The Magnificat
In Luke’s gospel (1,46-55) appears the famous prayer or canticle recited by Mary: My soul magnifies the Lord, because he has brought down the mighty from their thrones and exalted the humble folk. It is commonly known as the “Magnificat” because of its first word in Latin. This canticle was inspired by the song of Anna, mother of Samuel, the last judge of Israel (1 Samuel 2,1-10) and by other expressions found in the psalms and the prophets.
The Church of the Visitation is one of many churches and convents built in memory of John the Baptist in Ain Karem, a small town in the mountains of Judea, situated about 7 kilometers from Jerusalem and considered to be John’s hometown. In the cloister of the church the verses of the “Magnificat” are translated in many languages and presented in mosaic form.

An image that is detrimental for women
A powerful current of feminist theology is currently asking some very hard questions about the personal attributes of Mary, as they have traditionally been described in the Catholic Church. One of these theologians is Elisabeth Schüssler Fiorenza, who has written many books, among them Jesus: Miriam´s Child, Sophia´s Prophet (1994) and In Memory of Her: A Feminist Theological Reconstruction of Christian Origins (1984). Fiorenza indicates three ways in which harm is done to women by preserving that traditional image of Mary and making it the center of devotion to the Mother of Jesus: first, virginity is stressed to the detriment of healthy sexuality; second, maternity is made out to be the supreme ideal of femininity; and third, obedience, humility, passivity and submission are presented as the cardinal virtues of women.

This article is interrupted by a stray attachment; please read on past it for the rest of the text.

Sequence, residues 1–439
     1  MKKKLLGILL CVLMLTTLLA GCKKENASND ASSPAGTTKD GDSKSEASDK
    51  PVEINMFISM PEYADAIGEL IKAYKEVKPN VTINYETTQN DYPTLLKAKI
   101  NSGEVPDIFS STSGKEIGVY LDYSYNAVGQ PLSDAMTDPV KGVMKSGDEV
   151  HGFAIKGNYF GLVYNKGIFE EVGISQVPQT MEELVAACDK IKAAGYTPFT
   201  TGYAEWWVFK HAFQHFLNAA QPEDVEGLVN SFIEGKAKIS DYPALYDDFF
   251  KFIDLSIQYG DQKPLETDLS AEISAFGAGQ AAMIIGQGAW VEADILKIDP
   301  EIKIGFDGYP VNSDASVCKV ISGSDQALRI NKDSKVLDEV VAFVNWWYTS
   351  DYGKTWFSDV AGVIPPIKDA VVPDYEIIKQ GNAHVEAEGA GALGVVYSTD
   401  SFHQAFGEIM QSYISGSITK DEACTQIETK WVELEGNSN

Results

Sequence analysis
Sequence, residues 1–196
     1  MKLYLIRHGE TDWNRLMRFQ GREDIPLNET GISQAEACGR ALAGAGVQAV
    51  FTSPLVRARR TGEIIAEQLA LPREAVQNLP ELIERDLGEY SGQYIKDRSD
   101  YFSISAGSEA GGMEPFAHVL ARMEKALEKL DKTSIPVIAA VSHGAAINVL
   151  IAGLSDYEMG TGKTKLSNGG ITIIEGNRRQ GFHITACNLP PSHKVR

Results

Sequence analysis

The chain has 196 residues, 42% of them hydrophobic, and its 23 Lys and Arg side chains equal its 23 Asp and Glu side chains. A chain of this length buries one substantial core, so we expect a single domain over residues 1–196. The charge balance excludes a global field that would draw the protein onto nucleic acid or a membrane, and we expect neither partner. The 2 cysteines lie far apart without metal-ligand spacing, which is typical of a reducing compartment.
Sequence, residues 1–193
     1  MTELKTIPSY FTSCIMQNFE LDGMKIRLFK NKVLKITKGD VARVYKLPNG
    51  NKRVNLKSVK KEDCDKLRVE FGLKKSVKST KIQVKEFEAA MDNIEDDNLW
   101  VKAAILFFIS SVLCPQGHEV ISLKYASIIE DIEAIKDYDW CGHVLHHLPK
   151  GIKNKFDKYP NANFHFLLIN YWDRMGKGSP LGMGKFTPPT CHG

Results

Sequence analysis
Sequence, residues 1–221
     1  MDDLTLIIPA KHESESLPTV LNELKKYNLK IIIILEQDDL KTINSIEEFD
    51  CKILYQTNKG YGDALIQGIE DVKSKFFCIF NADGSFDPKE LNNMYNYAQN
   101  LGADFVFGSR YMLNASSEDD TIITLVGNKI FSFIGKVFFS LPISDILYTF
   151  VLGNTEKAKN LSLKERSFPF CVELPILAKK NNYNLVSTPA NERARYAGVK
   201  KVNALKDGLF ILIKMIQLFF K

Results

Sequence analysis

According to the theologian Fiorenza: Mary is preached to women as the humble servant of God, pure and self-effacing, the patient mother laden with affliction. She is presented as the model that should be imitated, even though her example is far beyond our reach. Furthermore, Mary, seen as the beautiful virgin and merciful mother, is often just an expression of that masculine desire for the “eternal feminine”, now projected onto heaven.